Moral Policing in the Guise of ‘Safety’ for Women

Recently, there have been many instances of attacks on women’s freedom by the police and other public authorities in the name of keeping women ‘safe.’
In Siwan, Bihar, a panchayat reportedly imposed a ban on girls wearing jeans and having mobiles, claiming that these things encouraged women to elope with boys. AIPWA protested this kind of moral policing in Bihar, asserting the freedom and rights of young girls and women, and demanding that the Government deal sternly with such patriarchal forces rather than letting them become virtual ‘khap panchayats’.
In Bhilai, Chhattisgarh, a newspaper reported that the Durg police are conducting a special drive “to curb crime against women” and in this connection they caught couples who were sitting together in public places, and later released them after strictly “warning them not to repeat this thing”.  On January 29, 12 boys and 7 girls were nabbed under this special drive and later handed over to their parents with a warning that this act should not be repeated. This drive was known as “Operation Majnu.”
Commenting on this report, Dr. Lakshmi Krishnan of AIPWA wrote in the Hitavada, “What right has the police to question where a girl is sitting and with whom she is sitting provided she is not breaking the law and not harming others? Rather, it is the police who are breaking the law and violating the constitutional rights of the young people by interfering in their personal lives and by indulging in moral policing.  This is not a new offence on the part of the police but unfortunately it has always gone unchecked and unpunished.  This can have dangerous consequences.  Only last year there was the case of  the Durg police nabbing some boys and girls who were returning from Raipur to Bhilai late at night and one of the girls collapsed and died during the police questioning…. There must be no confusion between sexual harassment and self choice friendships.  There is nothing immoral or vulgar in friendship between boys and girls. In fact, interaction and friendship with girls actually sensitizes boys and makes them respect the autonomy and freedom of women.”  
The AIPWA submitted letters of protest to the SP and the Collector of Durg district in this matter, demanding that the police “go about their business of making public spaces safe for women instead of driving women away from such spaces.” Representatives of AIPWA also had a discussion with the police officials of Durg district and put forward their objection to such moral policing.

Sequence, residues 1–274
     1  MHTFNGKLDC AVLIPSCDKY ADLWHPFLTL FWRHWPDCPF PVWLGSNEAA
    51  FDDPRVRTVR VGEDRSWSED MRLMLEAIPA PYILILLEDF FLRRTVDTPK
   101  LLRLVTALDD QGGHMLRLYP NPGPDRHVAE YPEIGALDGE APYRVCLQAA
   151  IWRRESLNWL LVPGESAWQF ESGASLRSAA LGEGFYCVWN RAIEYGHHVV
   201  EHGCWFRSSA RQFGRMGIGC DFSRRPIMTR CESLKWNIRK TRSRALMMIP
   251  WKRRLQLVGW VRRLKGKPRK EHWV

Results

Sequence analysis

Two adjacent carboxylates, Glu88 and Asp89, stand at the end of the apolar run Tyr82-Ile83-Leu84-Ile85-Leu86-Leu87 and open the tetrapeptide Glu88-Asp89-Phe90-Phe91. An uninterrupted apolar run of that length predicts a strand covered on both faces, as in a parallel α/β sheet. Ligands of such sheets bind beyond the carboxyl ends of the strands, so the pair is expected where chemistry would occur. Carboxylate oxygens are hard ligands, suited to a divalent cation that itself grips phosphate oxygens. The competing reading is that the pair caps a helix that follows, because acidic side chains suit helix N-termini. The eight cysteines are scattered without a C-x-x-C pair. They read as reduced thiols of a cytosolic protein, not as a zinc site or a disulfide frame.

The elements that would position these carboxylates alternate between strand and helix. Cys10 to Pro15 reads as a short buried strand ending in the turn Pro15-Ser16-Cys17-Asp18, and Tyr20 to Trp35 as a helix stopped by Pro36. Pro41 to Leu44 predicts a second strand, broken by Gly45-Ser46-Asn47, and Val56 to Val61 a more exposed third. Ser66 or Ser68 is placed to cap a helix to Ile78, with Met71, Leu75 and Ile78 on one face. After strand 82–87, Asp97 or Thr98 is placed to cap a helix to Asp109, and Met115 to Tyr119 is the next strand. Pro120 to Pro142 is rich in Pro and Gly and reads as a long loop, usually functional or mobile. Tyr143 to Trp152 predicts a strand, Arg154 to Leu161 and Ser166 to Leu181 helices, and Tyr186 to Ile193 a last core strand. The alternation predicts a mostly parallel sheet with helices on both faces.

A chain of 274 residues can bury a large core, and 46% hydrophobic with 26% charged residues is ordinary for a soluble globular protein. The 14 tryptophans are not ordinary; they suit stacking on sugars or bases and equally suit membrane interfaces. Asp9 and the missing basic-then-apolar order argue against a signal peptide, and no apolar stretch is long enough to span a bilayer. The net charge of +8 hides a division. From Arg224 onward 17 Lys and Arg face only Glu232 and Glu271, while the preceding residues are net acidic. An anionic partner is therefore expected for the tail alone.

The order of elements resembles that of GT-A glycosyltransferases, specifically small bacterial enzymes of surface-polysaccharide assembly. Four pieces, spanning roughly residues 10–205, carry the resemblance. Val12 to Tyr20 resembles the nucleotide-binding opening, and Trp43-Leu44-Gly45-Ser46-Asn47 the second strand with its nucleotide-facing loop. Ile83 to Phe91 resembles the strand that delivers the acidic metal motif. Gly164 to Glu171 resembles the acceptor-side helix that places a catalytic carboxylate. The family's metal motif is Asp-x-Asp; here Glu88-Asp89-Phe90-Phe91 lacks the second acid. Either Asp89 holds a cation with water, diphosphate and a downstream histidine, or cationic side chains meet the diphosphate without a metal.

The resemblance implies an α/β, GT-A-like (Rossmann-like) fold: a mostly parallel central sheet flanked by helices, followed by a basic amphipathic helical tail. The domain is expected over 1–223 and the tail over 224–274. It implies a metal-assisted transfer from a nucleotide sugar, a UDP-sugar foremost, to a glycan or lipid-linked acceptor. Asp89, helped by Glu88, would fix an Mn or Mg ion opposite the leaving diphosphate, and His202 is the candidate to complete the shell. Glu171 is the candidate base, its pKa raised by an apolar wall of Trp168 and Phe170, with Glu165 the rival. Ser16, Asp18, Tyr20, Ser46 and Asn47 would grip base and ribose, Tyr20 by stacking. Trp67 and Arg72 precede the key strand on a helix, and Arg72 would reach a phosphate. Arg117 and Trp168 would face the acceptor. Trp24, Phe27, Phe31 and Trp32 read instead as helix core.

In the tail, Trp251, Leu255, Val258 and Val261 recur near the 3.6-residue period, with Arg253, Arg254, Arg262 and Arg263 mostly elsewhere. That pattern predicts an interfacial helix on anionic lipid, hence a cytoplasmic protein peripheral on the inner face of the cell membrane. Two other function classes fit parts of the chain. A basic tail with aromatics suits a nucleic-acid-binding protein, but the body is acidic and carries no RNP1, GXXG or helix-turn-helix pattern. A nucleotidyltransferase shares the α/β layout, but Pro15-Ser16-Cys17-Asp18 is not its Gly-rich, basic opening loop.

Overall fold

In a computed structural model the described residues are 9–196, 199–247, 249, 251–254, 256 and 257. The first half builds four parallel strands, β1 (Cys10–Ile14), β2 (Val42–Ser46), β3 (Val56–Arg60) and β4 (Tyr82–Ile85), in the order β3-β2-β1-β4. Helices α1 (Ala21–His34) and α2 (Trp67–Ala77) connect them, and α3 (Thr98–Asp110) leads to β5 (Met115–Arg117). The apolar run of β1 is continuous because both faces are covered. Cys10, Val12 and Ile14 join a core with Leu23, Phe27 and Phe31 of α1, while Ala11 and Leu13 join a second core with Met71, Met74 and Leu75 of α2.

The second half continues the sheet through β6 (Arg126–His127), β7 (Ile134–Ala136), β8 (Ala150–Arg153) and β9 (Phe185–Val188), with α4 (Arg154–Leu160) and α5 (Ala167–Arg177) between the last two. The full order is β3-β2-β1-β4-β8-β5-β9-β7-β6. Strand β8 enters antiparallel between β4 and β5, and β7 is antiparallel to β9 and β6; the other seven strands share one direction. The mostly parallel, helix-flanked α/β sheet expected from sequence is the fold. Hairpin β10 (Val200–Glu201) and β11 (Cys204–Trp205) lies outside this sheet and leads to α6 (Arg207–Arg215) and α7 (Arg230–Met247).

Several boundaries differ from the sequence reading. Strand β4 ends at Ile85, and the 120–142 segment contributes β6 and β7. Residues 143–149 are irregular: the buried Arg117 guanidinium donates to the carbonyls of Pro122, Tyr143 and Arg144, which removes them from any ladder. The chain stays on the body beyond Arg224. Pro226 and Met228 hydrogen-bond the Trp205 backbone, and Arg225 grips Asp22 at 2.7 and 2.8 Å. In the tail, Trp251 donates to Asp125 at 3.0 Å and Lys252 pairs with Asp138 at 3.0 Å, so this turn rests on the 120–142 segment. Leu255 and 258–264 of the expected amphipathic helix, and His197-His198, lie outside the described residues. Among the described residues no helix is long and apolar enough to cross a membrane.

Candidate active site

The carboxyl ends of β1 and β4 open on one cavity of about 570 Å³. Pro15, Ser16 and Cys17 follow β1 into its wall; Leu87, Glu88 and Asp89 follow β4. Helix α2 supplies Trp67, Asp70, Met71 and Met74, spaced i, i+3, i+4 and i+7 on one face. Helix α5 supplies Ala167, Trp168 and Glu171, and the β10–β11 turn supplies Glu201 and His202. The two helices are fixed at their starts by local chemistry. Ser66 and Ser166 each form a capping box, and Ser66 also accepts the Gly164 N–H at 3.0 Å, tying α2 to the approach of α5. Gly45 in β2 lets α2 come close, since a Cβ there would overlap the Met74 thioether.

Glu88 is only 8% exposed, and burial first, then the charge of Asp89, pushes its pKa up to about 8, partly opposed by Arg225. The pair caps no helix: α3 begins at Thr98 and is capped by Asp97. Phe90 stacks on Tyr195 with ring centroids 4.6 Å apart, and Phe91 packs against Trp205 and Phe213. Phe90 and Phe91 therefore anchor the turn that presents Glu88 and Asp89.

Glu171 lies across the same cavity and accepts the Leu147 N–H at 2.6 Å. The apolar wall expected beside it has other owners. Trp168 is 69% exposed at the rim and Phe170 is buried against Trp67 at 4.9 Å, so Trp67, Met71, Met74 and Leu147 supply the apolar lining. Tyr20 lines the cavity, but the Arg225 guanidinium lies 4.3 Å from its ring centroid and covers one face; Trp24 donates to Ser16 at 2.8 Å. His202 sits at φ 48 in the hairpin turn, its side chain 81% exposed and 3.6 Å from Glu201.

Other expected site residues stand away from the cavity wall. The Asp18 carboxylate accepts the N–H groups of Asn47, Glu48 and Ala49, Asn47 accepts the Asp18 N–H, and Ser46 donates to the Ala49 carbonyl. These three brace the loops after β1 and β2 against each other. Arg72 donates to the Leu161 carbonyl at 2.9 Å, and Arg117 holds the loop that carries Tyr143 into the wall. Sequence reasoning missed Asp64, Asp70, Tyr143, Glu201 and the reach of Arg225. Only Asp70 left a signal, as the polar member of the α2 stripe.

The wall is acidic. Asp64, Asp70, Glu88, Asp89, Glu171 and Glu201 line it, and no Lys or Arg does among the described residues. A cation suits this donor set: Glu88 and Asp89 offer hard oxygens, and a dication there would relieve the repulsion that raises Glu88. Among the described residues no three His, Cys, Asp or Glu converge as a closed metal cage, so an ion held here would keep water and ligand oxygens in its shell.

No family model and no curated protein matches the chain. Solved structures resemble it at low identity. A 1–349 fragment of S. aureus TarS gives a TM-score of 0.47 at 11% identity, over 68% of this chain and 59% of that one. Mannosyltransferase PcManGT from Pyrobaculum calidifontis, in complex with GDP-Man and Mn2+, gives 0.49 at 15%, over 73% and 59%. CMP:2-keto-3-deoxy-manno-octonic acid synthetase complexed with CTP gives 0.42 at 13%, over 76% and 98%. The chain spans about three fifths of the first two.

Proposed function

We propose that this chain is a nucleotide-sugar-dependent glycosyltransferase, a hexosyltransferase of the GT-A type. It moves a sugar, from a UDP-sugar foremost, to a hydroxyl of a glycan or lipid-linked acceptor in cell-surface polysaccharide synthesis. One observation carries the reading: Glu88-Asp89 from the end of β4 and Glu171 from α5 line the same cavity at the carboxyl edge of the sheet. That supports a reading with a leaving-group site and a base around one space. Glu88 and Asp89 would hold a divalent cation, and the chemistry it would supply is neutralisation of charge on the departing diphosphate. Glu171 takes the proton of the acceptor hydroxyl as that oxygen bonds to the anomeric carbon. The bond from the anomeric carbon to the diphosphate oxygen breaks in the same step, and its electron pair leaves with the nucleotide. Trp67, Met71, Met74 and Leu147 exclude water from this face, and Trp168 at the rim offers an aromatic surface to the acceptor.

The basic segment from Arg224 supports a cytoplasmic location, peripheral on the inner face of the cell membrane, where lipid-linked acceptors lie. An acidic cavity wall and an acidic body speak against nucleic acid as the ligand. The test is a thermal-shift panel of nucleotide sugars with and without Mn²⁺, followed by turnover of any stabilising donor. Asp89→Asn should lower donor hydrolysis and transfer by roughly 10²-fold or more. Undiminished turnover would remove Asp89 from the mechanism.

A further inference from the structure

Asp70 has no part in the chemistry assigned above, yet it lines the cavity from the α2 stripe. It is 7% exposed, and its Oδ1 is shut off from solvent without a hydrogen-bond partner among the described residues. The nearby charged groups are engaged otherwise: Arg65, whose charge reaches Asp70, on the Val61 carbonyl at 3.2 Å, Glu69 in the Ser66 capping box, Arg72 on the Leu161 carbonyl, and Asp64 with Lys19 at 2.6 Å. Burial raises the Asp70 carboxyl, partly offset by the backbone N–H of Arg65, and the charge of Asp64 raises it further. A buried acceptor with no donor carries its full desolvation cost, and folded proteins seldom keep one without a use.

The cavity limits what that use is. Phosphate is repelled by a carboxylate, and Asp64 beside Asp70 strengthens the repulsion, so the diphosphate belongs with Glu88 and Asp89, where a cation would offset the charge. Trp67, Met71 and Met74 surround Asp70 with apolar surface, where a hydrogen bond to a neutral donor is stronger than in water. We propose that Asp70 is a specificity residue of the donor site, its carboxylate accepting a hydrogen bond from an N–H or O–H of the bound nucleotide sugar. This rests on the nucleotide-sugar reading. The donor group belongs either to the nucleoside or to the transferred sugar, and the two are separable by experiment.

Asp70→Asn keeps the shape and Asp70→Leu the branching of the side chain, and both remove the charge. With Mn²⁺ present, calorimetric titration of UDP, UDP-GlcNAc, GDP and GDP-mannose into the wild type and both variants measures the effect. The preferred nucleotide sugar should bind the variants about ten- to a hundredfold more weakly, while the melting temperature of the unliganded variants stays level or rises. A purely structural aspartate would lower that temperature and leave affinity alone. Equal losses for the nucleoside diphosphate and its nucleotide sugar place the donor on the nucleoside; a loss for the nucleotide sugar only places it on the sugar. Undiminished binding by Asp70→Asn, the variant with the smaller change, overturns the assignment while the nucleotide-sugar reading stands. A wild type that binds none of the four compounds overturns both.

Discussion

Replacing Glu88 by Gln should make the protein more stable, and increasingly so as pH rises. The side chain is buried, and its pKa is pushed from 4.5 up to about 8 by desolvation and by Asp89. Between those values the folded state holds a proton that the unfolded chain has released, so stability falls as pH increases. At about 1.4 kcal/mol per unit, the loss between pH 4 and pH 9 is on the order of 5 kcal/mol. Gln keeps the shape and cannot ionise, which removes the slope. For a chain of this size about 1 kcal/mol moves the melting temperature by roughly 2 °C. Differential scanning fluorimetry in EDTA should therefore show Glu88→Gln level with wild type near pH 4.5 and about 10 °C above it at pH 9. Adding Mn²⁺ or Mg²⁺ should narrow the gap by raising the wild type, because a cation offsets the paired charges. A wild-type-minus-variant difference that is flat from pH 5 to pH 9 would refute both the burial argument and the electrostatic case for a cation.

Demonstration against rape in Tiruvallore District
In Tiruvallore district a 15-year old dalit girl was raped and sexually abused repeatedly for the past six months by a local businessman, 53, with the help of another woman in the area. Her mother’s complaints to the police were not taken seriously as the culprit has influence in the local police station. When the mother approached our Party, CPIML and AIPWA made a complaint in the same police station. The police then filed the FIR and the culprit and the woman who helped him are now in prison.
On February 2, Party and AIPWA organized a demonstration in the area in which over 300 participated. Local people also joined the demonstration. Leaders of local women self-help groups attended the demonstrations. The demonstration demanded: the culprit must be booked under Goondas Act; compensation for the victim; implementation of Verma Committee recommendations.
Tiruvallore District Party Secretary Com. S. Janakiraman, RYA State Convenor Com. Bharathi, AISA State President Com. Malarvizhi, AIPWA State Vice-presidents Com. Kuppabai and Com. Devaki spoke in the demonstration.


Justice in the Suryanelli Rape Case

Anti-rape protesters have been outraged by the fact that the new rape law will be discussed in Parliament, with a rape-accused presiding over the discussions! The Deputy Speaker of the Rajya Sabha, PJ Kurien, is accused in the Suryanelli rape case: a case of gang rape of a 16-year-old girl in Kerala, 17 years ago.
The 16-year-old girl in Kerala’s remote Idukki district, was defrauded by a man whom she had befriended, was drugged, beaten and taken to places across the Tamil Nadu and Kerala countryside, where she was raped by around 40 men. Eventually she was put on a bus back home, after which she filed a complaint of rape. 40 persons were named as accused in the main petition, by the State Government. The rape survivor later saw Kurien’s photograph in a newspaper and recognized him to be one of the rapists, and filed a private petition against him to the court, when the police refused to register her complaint against him.
Kurien had tried to appeal against his being named as an accused, but his appeal was rejected thrice: by the lower court, by the High Court and by an Additional Sessions Court. A Special Court had convicted 35 of the 40 accused in the original case. A division bench of the Kerala High Court, in 2005, however, overturned the convictions, in a shockingly misogynist verdict. Only one man was found guilty of sex trade (procuring and selling a minor for purposes of prostitution). Only after that, based on the acquittal of the other accused in the main petition, was the case against Kurien rejected by the Kerala HC and later the Supreme Court.
Meanwhile the rape survivor also faced political victimisation, being falsely accused of financial irregularities and losing her job.